“Fishers has done a phenomenal job in breeding that model. Any community that’s not looking for a coworking incubator space is missing out on a huge economic development opportunity. “We have so many small businesses of two, three, four employees that aren’t looking for a building of their own but a place to network and grow, and that’s where the incubator and coworking space comes into play.” For more, visit Jennings Commercial Interiors on Facebook.

OUTHOUSE TO EXPAND IN OTHER CITIES For OutHouse owner Taylor Jennings, the coworking space’s first location in Noblesville is only the beginning. Jennings said he plans to expand into other cities, such as Lawrence or Lebanon. He plans to target cities with less than 150,000 people. “We are interested in working with other cities that want to be able to provide this type of space professionally to the public, and we would like to be held accountable to show how we return that in economic development and value,” Jennings said. OutHouse is privately funded through Jennings Commercial Interiors.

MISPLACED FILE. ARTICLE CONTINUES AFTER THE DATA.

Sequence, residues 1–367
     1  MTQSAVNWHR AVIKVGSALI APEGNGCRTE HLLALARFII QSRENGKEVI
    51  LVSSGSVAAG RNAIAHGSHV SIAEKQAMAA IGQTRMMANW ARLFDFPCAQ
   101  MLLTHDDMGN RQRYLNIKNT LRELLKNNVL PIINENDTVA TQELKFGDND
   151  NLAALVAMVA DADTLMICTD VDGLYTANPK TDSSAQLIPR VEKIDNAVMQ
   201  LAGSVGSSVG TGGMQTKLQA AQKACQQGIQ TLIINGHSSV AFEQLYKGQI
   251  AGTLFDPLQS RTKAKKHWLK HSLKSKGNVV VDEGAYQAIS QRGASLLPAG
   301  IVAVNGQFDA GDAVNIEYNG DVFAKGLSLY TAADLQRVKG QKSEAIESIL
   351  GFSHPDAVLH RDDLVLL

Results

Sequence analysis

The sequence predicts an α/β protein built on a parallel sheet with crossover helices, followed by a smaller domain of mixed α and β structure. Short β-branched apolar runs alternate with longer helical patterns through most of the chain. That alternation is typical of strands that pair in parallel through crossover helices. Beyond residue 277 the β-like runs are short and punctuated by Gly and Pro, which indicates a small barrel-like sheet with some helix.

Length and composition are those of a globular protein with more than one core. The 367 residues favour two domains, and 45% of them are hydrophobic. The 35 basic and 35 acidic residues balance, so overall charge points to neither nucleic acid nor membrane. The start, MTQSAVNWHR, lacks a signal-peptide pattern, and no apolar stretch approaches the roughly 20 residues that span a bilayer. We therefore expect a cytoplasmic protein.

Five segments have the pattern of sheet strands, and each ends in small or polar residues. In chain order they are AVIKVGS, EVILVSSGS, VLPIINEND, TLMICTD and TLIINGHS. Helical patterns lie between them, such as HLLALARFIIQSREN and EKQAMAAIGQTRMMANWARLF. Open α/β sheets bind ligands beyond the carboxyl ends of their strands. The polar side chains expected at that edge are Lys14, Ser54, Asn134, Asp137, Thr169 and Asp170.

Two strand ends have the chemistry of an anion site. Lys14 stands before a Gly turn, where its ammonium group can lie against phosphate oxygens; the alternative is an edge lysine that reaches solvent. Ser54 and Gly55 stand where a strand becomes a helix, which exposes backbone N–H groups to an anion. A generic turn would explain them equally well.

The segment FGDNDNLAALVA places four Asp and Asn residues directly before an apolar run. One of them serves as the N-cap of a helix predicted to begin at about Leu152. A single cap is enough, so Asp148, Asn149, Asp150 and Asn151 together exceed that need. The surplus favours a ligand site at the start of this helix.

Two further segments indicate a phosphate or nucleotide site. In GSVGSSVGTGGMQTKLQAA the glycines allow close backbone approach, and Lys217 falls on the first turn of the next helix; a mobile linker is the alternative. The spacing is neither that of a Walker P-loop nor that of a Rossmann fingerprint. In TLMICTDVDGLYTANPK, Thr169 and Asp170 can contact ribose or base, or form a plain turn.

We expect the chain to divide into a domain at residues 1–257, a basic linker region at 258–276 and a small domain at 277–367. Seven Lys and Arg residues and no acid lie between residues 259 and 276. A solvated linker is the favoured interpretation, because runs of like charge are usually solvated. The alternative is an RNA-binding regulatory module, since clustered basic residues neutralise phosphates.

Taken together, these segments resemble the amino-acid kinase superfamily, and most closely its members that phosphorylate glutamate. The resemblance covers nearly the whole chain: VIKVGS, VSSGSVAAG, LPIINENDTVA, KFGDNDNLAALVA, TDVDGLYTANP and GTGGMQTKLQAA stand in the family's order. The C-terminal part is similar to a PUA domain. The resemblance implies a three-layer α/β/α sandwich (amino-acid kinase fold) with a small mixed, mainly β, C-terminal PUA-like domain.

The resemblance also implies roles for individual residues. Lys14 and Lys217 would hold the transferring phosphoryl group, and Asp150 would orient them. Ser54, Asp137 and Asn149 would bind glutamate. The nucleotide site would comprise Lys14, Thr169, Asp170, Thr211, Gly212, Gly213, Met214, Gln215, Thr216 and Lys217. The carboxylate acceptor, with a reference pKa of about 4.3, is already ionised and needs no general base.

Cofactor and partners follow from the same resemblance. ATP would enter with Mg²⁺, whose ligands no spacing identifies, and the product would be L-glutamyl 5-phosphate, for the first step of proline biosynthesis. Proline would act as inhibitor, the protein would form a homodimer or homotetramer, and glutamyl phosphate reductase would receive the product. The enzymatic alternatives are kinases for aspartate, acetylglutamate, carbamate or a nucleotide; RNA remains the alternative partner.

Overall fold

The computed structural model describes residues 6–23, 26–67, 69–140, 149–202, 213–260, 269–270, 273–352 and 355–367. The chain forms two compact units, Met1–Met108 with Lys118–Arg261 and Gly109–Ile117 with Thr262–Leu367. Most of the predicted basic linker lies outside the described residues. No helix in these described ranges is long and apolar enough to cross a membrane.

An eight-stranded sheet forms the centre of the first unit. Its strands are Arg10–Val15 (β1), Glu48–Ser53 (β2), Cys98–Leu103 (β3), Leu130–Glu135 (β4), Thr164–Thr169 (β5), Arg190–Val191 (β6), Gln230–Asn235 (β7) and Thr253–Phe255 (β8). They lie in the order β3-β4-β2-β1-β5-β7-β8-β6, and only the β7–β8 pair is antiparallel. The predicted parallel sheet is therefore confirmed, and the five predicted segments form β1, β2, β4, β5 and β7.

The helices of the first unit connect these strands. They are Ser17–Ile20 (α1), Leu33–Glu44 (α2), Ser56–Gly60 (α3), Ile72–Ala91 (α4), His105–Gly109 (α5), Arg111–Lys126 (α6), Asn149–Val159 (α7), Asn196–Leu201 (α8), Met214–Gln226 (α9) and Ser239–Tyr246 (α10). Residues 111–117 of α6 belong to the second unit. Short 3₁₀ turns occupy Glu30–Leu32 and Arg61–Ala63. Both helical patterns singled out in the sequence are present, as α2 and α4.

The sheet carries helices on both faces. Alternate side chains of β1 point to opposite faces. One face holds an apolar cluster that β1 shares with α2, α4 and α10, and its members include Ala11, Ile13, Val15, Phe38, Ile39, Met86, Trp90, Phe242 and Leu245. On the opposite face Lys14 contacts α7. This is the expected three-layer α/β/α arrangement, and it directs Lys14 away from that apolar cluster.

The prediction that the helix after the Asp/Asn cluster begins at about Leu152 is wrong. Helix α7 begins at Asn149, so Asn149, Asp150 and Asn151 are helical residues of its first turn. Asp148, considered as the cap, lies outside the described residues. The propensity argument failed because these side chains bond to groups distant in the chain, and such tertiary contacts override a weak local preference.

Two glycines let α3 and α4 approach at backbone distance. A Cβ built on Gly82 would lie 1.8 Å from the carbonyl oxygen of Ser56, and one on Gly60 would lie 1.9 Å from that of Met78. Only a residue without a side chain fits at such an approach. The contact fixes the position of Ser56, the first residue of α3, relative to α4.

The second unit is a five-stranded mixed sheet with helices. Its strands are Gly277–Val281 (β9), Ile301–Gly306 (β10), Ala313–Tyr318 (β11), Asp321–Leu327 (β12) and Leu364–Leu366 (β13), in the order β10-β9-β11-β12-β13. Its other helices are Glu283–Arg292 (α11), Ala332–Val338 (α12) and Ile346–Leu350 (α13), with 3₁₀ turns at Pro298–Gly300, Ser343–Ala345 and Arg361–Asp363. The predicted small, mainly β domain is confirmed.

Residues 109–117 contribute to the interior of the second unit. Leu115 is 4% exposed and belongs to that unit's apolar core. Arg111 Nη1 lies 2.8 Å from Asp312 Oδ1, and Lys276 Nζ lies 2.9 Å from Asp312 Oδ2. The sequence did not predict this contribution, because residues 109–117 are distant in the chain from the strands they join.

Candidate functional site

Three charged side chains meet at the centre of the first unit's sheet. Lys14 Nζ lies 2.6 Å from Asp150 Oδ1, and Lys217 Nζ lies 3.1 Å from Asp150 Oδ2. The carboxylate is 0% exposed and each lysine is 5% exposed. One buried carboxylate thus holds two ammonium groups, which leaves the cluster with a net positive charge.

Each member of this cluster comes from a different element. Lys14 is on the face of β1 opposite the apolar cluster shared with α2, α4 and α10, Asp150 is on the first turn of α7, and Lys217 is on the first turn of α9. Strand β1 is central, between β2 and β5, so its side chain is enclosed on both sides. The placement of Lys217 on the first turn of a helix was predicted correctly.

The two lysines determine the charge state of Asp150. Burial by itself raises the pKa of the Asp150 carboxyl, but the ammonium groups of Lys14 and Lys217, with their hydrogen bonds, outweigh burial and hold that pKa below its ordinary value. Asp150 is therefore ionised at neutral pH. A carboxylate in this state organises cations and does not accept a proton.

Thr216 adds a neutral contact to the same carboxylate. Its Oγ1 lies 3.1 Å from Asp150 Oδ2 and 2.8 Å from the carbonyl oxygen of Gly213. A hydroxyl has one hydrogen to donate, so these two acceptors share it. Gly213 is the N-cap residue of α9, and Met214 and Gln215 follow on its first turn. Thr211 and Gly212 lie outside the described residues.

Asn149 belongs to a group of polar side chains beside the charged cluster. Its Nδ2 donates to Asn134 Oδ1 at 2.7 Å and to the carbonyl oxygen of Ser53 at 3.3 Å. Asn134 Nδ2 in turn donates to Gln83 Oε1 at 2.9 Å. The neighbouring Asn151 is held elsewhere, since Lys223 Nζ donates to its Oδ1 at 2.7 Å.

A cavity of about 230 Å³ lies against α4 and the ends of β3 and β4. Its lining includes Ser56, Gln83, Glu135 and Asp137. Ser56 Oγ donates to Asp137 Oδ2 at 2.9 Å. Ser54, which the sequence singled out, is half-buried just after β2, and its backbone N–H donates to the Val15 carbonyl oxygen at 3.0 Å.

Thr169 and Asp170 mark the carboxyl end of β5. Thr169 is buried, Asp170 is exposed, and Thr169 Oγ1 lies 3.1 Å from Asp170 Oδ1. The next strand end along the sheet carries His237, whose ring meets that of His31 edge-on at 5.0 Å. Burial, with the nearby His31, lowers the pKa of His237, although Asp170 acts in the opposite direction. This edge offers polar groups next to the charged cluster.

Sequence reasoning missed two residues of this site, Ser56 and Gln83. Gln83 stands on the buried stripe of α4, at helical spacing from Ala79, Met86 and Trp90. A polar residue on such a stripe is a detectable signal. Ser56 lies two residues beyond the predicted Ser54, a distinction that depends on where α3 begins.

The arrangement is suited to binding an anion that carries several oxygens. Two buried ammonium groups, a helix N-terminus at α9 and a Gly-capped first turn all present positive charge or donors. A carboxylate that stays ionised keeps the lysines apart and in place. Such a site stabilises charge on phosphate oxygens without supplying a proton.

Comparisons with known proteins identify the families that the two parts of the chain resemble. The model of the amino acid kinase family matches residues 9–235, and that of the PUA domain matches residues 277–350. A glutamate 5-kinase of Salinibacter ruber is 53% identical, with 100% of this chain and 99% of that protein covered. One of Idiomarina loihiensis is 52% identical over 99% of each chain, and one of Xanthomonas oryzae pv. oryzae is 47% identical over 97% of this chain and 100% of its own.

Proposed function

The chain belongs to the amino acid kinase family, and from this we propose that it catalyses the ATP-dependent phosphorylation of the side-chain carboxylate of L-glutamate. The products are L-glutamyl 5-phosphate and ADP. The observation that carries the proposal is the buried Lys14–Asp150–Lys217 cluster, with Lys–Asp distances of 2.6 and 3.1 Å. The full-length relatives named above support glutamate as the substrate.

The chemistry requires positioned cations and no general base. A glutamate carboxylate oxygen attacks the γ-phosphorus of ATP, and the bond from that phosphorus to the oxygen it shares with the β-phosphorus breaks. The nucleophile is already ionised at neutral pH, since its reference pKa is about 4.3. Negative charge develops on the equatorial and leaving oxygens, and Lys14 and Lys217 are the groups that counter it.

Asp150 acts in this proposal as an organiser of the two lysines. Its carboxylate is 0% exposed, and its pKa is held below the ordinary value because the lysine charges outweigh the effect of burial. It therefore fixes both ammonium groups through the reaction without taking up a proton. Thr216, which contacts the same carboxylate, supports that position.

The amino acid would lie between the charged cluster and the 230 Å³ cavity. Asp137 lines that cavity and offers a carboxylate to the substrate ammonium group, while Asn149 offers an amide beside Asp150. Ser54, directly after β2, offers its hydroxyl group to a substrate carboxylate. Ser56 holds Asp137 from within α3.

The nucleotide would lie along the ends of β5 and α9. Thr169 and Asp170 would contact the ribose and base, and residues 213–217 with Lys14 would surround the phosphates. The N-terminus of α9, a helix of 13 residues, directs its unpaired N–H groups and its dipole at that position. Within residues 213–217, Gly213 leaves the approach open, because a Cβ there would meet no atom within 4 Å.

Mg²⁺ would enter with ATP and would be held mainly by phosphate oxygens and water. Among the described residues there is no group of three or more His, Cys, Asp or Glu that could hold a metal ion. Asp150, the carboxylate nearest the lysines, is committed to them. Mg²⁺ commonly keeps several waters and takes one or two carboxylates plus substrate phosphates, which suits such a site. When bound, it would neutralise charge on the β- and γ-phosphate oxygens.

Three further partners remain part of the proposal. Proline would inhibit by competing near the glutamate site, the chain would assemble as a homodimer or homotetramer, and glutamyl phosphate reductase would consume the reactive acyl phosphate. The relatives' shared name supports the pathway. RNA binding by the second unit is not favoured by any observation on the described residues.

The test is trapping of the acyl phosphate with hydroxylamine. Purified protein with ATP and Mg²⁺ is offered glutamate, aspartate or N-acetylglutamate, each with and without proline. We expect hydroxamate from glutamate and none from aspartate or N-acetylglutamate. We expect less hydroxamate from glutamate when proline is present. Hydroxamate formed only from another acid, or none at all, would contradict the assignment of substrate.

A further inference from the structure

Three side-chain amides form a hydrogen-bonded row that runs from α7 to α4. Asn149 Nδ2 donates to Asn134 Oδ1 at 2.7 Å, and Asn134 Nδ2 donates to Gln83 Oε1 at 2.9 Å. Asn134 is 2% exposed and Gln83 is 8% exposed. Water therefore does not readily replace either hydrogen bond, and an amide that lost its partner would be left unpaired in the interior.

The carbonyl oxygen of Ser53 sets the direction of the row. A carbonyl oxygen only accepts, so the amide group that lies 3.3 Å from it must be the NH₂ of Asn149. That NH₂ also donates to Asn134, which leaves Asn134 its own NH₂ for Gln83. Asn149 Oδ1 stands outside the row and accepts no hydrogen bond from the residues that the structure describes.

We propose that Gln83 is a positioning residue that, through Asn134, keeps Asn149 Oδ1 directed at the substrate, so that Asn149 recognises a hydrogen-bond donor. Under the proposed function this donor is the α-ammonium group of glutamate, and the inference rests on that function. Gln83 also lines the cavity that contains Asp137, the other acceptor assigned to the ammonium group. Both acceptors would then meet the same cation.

March 13, 2018


Current in Noblesville

Ominous start to new year


True grit

Commentary by Terry Anker

Commentary by Danielle Wilson